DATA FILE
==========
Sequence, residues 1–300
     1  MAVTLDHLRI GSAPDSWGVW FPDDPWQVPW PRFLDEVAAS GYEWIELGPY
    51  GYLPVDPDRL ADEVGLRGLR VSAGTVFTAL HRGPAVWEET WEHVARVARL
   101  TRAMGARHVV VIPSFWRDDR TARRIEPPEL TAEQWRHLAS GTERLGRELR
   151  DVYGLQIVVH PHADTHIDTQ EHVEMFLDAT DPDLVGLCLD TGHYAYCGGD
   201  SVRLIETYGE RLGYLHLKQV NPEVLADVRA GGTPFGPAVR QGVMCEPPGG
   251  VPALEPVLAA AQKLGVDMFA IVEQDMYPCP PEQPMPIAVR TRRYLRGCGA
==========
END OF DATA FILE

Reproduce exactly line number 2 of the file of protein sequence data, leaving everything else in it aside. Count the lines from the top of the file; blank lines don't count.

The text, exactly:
     1  MAVTLDHLRI GSAPDSWGVW FPDDPWQVPW PRFLDEVAAS GYEWIELGPY